by Beth Vincent, MHS
When I was six months pregnant with my third child I noticed the letters "DHA" popping up on infant formula labels in the grocery stores. Then I noticed it on egg cartons and began to wonder, "What is DHA and why is it being added to these foods?" This is an important question to ask -- and the answer is noteworthy, especially for pregnant women. DHA (short for docosahexaenoic acid, an omega-3 long chain polyunsaturated fatty acid) is found in every cell in our bodies. It is critical for brain, eye and central nervous system development and functioning.
During pregnancy, developing babies rely on their mothers to get needed DHA. Since DHA is derived from the foods we eat, the content of DHA in a mother's diet determines the amount of DHA passed on to her developing baby. Unfortunately, the majority of pregnant women in the U.S. fail to get the recommended amount of DHA in their diets and DHA is not found in most prenatal vitamins. The good news is leaders in maternal health are beginning to educate women about the importance of DHA and some food manufacturers are starting to come up with creative ways to help people -- pregnant and non-pregnant -- get the DHA they need.
Current research suggests adequate levels of DHA may help increase a developing baby's cognitive functioning, reduce the risk of pre-term labor and decrease the risk of postpartum depression. Consider the following:
Research findings such as these have led pregnancy and child health experts to spread the word about the importance of DHA during pregnancy. Dr. William Sears, one of the nation's leading experts on child health and development and longtime advocate of DHA, states "DHA is the most important brain-building nutrient at all ages, especially during pregnancy and the pre-school years when the child's brain is growing the fastest." Dr. Sears hosts DHADOC.com, a web site providing information on the importance of DHA in infant and maternal nutrition. In light of research findings and what he calls "common sense," Dr. Sears recommends on his web site that pregnant and lactating women supplement their normal diet with 200 milligrams of DHA a day.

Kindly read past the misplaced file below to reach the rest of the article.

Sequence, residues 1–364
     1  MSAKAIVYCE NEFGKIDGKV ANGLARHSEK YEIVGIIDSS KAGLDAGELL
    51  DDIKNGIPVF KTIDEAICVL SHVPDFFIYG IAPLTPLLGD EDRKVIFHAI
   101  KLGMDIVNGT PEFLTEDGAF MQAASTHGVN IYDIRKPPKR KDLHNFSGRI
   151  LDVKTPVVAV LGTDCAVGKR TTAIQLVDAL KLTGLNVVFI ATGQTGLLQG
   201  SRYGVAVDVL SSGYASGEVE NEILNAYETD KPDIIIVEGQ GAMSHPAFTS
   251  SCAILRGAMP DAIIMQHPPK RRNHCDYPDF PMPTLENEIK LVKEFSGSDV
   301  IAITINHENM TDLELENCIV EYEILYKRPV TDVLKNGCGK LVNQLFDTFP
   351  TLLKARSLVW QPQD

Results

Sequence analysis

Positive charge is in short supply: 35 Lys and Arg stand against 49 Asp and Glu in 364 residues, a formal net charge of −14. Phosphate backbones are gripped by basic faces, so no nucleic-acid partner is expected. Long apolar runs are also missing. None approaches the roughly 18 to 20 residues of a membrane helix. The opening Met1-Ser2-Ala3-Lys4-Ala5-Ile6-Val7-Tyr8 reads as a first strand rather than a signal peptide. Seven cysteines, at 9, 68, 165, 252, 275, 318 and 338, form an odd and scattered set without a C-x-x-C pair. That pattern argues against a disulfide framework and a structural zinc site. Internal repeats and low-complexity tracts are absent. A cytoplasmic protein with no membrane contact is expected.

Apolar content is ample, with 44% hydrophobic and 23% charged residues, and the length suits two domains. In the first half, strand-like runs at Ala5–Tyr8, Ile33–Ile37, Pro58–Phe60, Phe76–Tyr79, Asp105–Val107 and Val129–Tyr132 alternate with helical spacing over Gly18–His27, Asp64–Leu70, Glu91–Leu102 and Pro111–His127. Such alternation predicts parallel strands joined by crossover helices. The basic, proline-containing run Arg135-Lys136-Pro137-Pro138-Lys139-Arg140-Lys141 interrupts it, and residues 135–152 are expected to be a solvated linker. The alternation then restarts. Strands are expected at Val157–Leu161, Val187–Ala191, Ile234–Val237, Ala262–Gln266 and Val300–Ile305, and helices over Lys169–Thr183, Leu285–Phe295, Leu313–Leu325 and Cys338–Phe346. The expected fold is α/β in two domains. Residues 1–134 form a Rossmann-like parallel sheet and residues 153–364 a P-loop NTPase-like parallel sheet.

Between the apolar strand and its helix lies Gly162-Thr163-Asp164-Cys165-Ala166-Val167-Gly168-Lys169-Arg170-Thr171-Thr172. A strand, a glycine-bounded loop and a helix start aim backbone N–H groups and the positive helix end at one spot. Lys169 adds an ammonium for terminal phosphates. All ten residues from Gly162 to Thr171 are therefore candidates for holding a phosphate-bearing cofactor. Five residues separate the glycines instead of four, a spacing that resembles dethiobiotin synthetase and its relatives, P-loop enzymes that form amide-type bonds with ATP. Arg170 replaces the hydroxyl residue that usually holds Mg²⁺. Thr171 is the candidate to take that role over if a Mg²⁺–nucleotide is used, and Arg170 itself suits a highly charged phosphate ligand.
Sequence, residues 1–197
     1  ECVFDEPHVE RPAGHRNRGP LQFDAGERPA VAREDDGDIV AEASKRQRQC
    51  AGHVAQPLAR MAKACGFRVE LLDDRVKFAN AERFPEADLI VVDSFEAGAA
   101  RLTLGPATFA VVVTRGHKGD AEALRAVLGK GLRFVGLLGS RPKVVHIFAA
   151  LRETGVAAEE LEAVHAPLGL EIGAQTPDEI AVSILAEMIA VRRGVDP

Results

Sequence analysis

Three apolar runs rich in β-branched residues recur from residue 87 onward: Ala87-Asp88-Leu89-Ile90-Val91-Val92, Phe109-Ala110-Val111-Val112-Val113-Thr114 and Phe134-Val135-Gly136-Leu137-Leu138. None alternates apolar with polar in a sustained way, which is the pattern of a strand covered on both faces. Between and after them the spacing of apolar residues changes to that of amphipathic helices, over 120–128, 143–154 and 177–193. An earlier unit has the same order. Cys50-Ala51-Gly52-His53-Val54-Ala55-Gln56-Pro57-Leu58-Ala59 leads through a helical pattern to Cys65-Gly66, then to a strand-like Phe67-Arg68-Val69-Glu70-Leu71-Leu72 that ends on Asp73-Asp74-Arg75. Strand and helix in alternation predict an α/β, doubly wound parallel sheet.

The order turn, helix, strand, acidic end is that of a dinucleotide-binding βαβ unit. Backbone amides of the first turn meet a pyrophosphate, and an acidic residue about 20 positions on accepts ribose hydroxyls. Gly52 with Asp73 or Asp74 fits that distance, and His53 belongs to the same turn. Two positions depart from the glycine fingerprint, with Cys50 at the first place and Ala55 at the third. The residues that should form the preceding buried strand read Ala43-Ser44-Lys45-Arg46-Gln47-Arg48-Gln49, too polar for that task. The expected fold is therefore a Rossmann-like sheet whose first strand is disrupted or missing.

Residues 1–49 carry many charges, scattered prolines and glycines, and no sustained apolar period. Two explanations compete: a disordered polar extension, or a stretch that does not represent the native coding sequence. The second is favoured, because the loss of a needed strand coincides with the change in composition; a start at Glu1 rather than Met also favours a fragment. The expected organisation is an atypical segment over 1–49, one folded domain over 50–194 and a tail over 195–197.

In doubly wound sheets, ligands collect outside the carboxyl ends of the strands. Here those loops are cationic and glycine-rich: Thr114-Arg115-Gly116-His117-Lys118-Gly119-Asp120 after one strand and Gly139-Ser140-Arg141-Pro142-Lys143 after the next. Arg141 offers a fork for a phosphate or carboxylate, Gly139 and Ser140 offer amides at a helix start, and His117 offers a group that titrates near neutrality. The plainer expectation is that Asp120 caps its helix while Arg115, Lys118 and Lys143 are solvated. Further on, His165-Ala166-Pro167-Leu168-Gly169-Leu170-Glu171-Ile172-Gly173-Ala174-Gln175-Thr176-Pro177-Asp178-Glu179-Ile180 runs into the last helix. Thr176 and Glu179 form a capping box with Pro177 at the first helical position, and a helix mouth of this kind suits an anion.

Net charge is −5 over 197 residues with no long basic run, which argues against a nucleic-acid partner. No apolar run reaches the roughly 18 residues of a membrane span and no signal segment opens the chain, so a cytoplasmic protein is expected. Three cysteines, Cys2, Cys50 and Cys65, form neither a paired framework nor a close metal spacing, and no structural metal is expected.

In what many consider the modern day pregnancy bible, What to Expect When You are Expecting, Heidi Murkoff, et.al., devotes a section to the importance of adequate DHA in the pregnancy diet chapter of her book. She explains that DHA is important during pregnancy, "especially during the last three months, when your baby's brain grows at a rapid pace and lactation (the DHA content of a baby's brain triples during the first three months of life)." Another maternity expert, Rebecca Matthias, president of Mothers Work, Inc., the nation's leading maternity retailer touts the benefits of DHA in her latest book, 51 Secrets of Motherhood. She celebrates DHA as "the new wonder supplement that actually increases your baby's growth."